The key thing to consider is why you want to refactor your code. Answer that question, and you'll have half your answer already.
You mention wanting to improve maintainability, which is a very common reason for refactoring. Given that as a goal, here are some things that I would specifically target:
1) Remove duplicate code. Most programmers try to avoid this anyway, but large projects (especially projects with large teams) tend to accumulate it anyway. This is an easy target for refactoring.
2) Make simplicity your goal. Is each function/method/class clearly defined? Can you look at it and know very well exactly what it's doing? If not, it's a good target for a refactor. Good examples are modules that do lots of things (or have lots of side effects). Consider breaking them into smaller modules of logically grouped functionality.
3) Variable/class/function names. Are they clear? They don't necessarily need to be long, but they should make it very clear to you (or whomever is maintaining the code) exactly what the variable is for or what the function does. If there are some that are unclear, consider renaming them.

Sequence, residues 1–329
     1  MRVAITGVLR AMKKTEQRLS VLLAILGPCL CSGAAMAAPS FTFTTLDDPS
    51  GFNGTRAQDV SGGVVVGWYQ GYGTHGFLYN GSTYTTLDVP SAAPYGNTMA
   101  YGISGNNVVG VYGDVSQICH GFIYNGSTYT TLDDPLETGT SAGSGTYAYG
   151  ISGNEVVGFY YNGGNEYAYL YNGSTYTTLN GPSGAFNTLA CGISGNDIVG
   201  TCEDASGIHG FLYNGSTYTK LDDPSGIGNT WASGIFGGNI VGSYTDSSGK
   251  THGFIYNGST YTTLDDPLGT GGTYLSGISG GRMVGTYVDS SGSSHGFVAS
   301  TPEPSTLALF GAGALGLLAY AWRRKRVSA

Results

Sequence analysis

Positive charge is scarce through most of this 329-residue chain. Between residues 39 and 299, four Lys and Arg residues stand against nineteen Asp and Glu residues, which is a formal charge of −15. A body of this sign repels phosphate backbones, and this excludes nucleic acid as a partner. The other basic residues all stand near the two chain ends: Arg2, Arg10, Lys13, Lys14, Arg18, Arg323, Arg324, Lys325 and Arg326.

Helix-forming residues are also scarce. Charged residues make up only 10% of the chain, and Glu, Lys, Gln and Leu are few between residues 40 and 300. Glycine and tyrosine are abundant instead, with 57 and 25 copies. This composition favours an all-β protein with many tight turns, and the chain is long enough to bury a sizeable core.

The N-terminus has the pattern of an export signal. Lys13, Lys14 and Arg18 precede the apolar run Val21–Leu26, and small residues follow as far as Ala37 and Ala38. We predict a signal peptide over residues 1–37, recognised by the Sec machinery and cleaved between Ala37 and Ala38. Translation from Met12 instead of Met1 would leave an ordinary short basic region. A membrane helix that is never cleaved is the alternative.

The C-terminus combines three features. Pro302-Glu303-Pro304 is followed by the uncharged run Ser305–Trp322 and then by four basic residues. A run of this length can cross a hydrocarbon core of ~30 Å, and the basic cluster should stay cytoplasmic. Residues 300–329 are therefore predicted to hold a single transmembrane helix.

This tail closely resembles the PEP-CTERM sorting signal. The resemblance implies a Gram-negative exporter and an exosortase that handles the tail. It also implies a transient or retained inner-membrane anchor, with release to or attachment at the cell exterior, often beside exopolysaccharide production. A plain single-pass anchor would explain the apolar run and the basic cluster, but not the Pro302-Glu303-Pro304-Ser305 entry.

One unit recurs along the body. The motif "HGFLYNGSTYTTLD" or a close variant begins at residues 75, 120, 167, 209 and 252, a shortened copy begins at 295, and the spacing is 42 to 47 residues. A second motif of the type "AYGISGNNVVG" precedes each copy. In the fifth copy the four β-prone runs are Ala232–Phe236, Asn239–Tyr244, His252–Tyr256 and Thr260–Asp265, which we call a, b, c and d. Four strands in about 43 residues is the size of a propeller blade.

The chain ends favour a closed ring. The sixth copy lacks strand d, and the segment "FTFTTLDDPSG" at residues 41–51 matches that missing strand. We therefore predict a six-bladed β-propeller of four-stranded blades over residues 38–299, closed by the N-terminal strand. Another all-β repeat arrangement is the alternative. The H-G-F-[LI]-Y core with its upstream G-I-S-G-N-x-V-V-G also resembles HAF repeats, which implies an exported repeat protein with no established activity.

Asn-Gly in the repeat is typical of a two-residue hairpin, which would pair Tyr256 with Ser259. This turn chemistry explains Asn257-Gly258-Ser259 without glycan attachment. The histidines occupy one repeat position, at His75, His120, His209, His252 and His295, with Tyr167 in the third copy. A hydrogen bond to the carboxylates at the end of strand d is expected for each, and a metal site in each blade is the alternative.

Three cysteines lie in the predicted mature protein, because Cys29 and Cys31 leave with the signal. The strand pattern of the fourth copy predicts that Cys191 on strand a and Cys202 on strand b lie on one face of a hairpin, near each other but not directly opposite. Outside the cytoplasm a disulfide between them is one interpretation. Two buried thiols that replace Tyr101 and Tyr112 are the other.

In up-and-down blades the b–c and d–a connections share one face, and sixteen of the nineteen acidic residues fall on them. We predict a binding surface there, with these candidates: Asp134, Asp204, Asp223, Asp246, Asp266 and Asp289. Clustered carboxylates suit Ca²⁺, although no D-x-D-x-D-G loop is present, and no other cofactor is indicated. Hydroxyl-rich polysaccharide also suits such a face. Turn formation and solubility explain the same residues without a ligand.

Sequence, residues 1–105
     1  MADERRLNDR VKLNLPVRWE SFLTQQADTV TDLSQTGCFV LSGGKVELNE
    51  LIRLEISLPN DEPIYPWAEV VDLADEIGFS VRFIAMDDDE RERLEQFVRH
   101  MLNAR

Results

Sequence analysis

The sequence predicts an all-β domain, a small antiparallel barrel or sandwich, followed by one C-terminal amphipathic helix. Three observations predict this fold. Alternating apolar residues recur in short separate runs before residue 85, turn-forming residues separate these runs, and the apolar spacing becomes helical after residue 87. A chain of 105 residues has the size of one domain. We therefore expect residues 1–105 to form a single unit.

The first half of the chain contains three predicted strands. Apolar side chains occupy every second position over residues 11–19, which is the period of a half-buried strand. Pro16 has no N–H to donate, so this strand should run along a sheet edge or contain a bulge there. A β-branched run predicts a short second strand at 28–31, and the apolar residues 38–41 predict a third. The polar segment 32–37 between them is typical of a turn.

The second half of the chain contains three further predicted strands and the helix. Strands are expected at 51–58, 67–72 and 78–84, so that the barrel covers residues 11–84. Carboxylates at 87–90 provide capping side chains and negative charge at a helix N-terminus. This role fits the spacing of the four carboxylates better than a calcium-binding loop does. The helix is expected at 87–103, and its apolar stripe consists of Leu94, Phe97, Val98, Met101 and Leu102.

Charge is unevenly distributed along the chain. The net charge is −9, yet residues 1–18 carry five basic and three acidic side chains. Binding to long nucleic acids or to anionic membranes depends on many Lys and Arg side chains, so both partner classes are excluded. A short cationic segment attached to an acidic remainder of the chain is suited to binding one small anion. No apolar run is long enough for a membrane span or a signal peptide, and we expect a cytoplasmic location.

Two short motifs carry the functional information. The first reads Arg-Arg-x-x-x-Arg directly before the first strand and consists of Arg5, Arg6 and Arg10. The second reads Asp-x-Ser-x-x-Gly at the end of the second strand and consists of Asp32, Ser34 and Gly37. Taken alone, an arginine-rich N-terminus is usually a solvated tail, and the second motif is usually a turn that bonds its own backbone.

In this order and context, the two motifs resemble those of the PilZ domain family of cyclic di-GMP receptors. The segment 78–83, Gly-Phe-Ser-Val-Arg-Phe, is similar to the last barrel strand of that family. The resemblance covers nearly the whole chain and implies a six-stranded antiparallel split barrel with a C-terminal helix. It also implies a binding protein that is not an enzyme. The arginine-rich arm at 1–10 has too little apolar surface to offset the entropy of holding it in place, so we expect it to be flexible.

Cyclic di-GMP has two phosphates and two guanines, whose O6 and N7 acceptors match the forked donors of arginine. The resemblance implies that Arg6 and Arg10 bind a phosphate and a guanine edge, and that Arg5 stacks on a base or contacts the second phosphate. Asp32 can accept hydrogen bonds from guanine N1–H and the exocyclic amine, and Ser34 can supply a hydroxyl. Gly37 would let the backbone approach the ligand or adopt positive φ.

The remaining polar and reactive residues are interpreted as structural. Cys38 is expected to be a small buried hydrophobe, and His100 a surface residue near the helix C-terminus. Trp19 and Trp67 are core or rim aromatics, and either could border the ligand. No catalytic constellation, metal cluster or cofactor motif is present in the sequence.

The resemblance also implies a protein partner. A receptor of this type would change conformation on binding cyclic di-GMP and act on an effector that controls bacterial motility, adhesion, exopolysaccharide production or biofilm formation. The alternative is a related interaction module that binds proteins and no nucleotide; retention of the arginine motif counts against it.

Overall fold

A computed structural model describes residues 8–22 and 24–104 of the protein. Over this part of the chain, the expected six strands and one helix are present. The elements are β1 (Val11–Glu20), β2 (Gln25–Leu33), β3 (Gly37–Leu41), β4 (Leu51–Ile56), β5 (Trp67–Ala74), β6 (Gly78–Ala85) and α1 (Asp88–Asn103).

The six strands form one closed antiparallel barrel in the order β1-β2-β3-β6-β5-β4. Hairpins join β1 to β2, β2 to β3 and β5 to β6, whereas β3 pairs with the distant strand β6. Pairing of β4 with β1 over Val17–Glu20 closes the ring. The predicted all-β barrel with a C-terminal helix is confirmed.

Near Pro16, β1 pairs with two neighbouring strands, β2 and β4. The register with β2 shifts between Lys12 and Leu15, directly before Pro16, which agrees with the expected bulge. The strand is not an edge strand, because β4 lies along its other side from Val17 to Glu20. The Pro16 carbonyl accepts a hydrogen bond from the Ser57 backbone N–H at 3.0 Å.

4) Do you have code that's never getting called? It could be worth leaving if you think you'll use it later. Otherwise, it's just a red herring for any maintainers. It's worth considering getting rid of it.
5) Performance enhancements. You may or may not have the time for full up algorithmic rewrites (the best performance enhancement). However, this is a good time to check for simple things. As a C++ example, are you passing classes as const references or by value? The former is much more efficient when you can get away with it (which is 95% of the time).
Good luck on your refactoring!
[Edit] Also, I second everybody below with a recommendation that you write unit tests before refactoring to ensure that your code remains correct.